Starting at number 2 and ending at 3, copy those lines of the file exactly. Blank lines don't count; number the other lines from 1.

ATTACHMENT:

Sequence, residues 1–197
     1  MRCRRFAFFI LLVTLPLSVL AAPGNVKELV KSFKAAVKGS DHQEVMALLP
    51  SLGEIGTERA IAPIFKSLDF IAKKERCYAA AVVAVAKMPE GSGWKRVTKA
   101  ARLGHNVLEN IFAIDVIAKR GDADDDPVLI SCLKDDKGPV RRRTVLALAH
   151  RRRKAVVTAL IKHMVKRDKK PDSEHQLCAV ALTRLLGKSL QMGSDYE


     1  MRCRRFAFFI LLVTLPLSVL AAPGNVKELV KSFKAAVKGS DHQEVMALLP
    51  SLGEIGTERA IAPIFKSLDF IAKKERCYAA AVVAVAKMPE GSGWKRVTKA